makeover as soon as he sets his bloodshot eyes on a photo of Harker’s

gorgeous fiance, Mina (Melissa Errico).

Once in Blighty, Dracula warms up his bedside manner with the luscious

Lucy (Kelli O’Hara) to the dismay of her lame duck suitors, Britishers

Arthur Holmwood (Chris Hoch), Jack Seward (Shonn Wiley), and Quincy

Morris (Bart Shatto) – that Yankee of dubious wit.

All appears lost until Dracula’s nemesis, Van Helsing (played with

serious intent by Stephen McKinley Henderson), arrives with a plan,

you know the one about the stake in the heart, a garland of garlic,

and as many crosses as you can shake a fang at, etc. In the meantime,

the hungry Count seems to be getting under Mina’s skin, as she begins

to sing her arias louder and with an increasingly impassioned sense of

desperation – or is that supposed to be lust? Errico’s beauty and

lovely voice are a plus, but she looks as lost in the mist as does

everyone else.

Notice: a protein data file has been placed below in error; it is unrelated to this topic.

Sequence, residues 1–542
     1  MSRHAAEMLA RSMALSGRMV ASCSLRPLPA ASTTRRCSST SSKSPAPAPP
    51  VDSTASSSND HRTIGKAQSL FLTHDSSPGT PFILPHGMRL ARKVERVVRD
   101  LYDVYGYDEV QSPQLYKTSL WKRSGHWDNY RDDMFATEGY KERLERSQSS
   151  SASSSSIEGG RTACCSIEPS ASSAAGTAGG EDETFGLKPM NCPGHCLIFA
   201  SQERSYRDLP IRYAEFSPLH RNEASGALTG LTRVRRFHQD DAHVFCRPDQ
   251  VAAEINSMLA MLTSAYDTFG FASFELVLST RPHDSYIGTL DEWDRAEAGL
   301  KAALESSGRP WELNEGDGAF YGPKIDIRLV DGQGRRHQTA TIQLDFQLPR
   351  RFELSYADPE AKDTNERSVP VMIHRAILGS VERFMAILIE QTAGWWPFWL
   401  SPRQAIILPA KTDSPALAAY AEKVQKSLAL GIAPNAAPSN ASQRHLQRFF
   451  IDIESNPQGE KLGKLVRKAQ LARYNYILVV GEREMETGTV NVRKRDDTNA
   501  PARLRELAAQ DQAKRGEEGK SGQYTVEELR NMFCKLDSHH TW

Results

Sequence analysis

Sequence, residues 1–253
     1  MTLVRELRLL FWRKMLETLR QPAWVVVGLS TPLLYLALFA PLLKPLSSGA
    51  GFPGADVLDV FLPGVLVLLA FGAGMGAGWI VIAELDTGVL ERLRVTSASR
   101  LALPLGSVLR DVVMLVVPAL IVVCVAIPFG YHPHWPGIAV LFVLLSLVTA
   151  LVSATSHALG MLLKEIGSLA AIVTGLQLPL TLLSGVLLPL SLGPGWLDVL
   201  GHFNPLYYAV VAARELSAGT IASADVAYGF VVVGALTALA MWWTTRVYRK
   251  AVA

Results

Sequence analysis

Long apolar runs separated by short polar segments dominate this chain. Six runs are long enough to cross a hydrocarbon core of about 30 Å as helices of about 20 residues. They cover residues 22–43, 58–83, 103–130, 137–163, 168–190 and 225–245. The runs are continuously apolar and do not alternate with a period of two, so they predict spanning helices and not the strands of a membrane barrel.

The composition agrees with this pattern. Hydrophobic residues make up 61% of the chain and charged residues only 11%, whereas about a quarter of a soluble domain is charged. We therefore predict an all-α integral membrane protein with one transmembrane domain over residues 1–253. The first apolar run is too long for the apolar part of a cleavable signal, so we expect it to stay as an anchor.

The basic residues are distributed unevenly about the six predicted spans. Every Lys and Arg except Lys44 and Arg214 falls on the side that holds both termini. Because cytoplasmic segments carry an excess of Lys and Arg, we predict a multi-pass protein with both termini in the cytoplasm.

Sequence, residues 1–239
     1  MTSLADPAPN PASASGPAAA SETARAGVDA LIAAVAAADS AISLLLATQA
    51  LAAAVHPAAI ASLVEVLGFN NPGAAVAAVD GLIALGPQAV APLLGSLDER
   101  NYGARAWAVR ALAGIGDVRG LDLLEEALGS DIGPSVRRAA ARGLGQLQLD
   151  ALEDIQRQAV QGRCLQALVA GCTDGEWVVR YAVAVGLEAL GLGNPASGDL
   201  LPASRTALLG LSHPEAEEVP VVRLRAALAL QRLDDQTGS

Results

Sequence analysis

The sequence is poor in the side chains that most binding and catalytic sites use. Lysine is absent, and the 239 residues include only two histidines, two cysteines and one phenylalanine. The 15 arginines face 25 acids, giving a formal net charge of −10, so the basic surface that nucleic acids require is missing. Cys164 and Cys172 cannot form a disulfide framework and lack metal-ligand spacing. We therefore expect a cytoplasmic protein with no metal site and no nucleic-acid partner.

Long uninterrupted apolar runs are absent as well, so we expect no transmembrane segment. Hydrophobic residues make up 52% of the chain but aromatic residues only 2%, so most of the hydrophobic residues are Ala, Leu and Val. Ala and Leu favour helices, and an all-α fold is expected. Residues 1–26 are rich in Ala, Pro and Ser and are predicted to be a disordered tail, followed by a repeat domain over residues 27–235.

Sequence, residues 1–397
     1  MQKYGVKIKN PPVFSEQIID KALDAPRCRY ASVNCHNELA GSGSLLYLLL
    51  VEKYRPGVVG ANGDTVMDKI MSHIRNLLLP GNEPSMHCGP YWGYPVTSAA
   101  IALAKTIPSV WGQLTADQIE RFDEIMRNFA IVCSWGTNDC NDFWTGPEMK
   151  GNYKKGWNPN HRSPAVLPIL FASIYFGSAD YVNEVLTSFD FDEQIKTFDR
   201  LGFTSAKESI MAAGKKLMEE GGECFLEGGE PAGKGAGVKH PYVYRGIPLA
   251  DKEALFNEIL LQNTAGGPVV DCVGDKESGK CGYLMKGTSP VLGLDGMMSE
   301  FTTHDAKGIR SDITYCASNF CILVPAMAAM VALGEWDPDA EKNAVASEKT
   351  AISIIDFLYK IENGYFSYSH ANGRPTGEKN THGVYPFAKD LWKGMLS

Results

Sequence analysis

One can see what Dracula sees in Mina, but what in the world does she

see in this old neck nipper other than he is able to stay aloft and

swing upside down and horizontal, thanks to aerial staging by Rob

Besserer and Flying by Foy? Don Stephenson, who plays the mad spider

and fly-eating Renfield, can be commended for not suffering from or

singing about acute indigestion.

The biggest disappointment overall is Wildhorn’s score, which

astonishingly seems to have neither a discernable musical motif nor a

compelling melodic thread. The cheesy and deafening

synthesizer-propelled sounds (with dreadful orchestrations by Doug

Besterman) emanating from the pit are from hunger. This is unfortunate

since Wildhorn’s scores for "The Civil War," "Jekyll and Hyde," and

"The Scarlet Pimpernel" had their share of stirring moments. You could

do worse than come out of the theater singing the praises of Catherine

Zuber’s stunning costumes. Is there a wolf man musical waiting in the


Dracula, Belasco Theater, 111 West 44th Street. For tickets call